This week's book giveaway is in the JavaFX forum. We're giving away four copies of Introducing JavaFX 8 Programming and have Herbert Schildt on-line! See this thread for details.

I have two questions : 1. I know that the data type "byte" occupied 1 bytes in memory,and the value range is form -127 to +128.The data type "short" occupied 4 bytes in memory,and the value range is form -(2 to the power 31) to +(2 to the power 31)...etc. Data type "float" occupied 4 bytes in memory,but its' value range is not from -(2 to the power 31) to +(2 to the power 31).It's from -3.4E38 to -1.4E45 in negative value and from 1.4E45 to 3.4E38 in positive value,because use scientific notation. Although I have already know why the "float" range value is different form "int" is because scientific notation.But I can't imagine how to calculate the "float" value range. 2.Java has two kinds of variables,one is member variable,another is local variable.And the member variable is divide into two parts : static rariable and instance variable.One different from member variable and local variable is that member variable be initialized automatically and the local raviable is not.But how to distinguish member variable and local variable in program? Or how to distinguish static variable and instance variable? Thanks for your answer.

short is 2 bytes, not 4. static and not static can be distinguish by word "static" Member variables are member of class likes: class xxx { int x; float y; String z; } x,y,z - memeber of class xxx. Local variable likes: boolean func(){ int x1; String z1; } x1, z1 - local, will be created in the stack when function "func" will be called. [ March 15, 2004: Message edited by: Igor Ko ]

The values of a byte are -128 to +127. You have your signs backwards. a short is -(2 ^ 15) through +((2^15) - 1) you can read about floating point storage in the IEEE standard here, as well as many other places. just google IEEE floating point.

There are only two hard things in computer science: cache invalidation, naming things, and off-by-one errors

To understand the formula for the range of a signed binary number that is T bits long (-2**(T-1) to 2**(T-1)-1), consider a 4 bit signed number. The highest positive value is 0111 (7). The lowest negative value is 1000 (-8). This is because most computers use two's complement arithmetic. To convert 7 to -7, you first take the one's complement of 0111 which is 1000. You then add 1, giving 1001. So the entire range from -8 to +7 is: 1000 1001 1010 1011 1100 1101 1110 1111 0000 0001 0010 0011 0100 0101 0110 -8 -7 -6 -5 -4 -3 -2 -1 0 +1 +2 +3 +4 +5 +6 0111 +7 The advantage of two's complement notation is that the hardware can do simple unsigned binary arithmetic and it all works out, with the high order bit as the sign (0 is +, 1 is -). The tricky part is that there is always 1 more negative value than the positive values in the range. You won't need this stuff as a beginning programmer, except to remember the range formula, but once you need to consider the actual binary representations, for casts and for bitwise operators like ^, |, and &, you'll want to master binary arithmetic. Also, remember that adding 1 to the highest positive number gives you the highest negative number with no warning message or exception. 0111 + 0001 = 1000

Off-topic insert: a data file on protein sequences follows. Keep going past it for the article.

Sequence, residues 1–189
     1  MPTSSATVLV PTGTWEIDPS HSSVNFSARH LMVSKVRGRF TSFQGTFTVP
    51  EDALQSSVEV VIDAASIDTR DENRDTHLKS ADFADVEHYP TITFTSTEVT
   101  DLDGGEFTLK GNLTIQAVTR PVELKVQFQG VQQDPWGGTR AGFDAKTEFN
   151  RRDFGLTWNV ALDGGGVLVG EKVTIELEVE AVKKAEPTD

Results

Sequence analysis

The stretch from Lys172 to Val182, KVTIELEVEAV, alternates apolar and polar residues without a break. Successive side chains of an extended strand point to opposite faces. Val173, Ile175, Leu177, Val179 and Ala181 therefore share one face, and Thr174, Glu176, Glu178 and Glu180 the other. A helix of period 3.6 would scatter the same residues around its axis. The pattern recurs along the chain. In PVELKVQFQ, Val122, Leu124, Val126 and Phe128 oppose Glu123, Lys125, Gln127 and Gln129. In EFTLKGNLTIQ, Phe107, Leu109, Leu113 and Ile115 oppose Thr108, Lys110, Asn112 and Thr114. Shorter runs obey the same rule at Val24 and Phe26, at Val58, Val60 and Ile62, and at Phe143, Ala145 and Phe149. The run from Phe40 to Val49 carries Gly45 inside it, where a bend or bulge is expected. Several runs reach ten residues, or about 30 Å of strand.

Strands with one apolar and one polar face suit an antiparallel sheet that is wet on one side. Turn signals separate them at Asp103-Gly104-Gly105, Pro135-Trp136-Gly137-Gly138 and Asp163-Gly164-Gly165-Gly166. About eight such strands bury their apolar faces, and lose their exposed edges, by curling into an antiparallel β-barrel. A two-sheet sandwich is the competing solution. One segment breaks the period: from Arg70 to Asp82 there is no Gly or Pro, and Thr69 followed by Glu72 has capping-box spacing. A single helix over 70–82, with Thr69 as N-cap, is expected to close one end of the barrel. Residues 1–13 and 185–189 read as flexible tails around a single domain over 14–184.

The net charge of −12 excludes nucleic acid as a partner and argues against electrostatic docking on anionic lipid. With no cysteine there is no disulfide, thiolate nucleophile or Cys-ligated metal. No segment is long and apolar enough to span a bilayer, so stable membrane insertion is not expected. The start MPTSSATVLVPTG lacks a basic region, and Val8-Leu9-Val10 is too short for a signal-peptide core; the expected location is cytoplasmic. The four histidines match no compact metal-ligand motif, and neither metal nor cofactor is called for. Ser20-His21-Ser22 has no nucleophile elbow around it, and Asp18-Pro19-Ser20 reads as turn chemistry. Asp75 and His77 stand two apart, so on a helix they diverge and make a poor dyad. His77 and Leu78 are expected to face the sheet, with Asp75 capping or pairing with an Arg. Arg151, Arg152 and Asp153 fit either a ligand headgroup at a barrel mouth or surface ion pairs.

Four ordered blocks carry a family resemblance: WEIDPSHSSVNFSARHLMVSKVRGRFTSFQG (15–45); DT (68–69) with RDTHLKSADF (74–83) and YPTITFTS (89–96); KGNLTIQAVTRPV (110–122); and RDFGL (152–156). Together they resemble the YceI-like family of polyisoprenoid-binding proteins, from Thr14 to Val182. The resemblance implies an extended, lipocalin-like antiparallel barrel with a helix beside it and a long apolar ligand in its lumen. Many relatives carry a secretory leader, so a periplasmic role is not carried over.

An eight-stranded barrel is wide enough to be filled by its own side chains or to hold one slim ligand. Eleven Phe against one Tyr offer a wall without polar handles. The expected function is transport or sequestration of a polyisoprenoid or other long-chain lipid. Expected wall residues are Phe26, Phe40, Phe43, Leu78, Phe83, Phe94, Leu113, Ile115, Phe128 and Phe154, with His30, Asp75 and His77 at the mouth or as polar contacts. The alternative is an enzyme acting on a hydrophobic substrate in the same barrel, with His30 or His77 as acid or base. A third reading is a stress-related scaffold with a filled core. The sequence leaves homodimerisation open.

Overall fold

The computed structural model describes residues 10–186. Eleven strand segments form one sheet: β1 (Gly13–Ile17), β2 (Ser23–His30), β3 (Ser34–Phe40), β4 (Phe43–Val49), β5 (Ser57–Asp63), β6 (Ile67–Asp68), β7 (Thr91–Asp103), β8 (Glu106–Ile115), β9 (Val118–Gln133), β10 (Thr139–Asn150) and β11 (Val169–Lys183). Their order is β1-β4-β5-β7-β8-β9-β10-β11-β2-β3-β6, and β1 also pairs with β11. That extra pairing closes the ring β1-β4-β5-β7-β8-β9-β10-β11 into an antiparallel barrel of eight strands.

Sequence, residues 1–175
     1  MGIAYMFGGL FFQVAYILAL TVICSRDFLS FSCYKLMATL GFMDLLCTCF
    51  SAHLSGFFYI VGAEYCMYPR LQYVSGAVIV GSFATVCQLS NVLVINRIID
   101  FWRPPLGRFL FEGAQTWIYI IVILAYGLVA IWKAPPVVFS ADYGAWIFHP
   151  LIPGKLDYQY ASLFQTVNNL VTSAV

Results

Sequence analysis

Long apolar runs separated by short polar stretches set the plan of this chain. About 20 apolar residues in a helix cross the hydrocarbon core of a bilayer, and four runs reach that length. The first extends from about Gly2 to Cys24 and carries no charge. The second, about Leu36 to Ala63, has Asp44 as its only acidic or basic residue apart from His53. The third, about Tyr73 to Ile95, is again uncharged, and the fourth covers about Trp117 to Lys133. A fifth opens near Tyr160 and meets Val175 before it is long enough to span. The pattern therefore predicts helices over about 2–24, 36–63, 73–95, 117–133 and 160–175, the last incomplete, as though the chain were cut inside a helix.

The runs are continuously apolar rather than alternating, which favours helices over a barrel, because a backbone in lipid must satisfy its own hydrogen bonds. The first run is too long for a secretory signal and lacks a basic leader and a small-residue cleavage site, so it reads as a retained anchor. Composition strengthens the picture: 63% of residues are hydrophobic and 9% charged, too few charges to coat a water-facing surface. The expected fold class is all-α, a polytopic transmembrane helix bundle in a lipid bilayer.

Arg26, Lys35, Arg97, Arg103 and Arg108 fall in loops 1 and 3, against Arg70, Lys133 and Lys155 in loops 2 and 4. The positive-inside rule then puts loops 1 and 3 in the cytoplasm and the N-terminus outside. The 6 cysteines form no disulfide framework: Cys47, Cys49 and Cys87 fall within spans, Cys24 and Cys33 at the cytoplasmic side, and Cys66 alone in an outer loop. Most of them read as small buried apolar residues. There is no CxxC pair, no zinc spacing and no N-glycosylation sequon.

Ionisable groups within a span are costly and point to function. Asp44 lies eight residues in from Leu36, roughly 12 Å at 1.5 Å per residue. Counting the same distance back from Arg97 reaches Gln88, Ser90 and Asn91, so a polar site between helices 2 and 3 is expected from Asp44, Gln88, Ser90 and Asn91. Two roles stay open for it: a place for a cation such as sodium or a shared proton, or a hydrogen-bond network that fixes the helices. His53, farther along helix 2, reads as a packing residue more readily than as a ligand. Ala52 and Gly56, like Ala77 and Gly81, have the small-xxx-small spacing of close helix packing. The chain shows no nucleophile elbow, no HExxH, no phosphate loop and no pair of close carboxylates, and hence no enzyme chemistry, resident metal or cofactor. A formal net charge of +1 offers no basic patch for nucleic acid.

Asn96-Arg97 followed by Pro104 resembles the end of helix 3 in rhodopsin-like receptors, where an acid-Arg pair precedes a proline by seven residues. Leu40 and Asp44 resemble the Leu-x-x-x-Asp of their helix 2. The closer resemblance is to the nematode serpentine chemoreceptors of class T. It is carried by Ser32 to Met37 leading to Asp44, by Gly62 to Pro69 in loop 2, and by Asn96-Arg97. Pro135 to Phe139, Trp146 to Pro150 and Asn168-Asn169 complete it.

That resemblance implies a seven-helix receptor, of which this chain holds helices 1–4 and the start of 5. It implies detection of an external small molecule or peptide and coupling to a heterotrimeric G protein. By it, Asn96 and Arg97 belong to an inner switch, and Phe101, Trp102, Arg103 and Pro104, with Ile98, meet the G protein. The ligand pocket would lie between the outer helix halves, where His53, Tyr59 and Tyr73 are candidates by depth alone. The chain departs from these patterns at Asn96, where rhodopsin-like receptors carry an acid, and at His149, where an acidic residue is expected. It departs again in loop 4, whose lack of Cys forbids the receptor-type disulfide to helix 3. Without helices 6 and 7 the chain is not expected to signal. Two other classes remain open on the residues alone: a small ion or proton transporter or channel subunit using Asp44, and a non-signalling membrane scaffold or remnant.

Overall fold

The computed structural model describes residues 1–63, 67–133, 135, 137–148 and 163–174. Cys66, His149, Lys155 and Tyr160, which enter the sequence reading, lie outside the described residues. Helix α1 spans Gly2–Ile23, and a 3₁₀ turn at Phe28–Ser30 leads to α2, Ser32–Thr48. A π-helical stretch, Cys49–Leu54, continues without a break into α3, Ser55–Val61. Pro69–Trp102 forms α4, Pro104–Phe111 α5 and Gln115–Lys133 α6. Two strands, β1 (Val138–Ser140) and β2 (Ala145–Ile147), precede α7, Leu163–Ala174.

Just to add to the confusion: 1. Where a method's variable and class's variable have the same name, the method's variable has the scope in the method. You can refer to the class variable by prefixing it with "this." if it is not static and the method you are in is not static, or with the class name if it is static. 2. In binary two's complement notation it's sometimes helpful to look at the value (weighting) of each column. The weighting of the most significant column is always negative. All the other columns add up to one less than the absolute value of the ms column. So for four bits: -8 4 2 1 1 1 1 1 = -8 + 4 + 2 + 1 = -1 0 1 0 0 = 4 [ March 15, 2004: Message edited by: Eddie Vanda ]

The nice thing about Standards is that there are so many to choose from!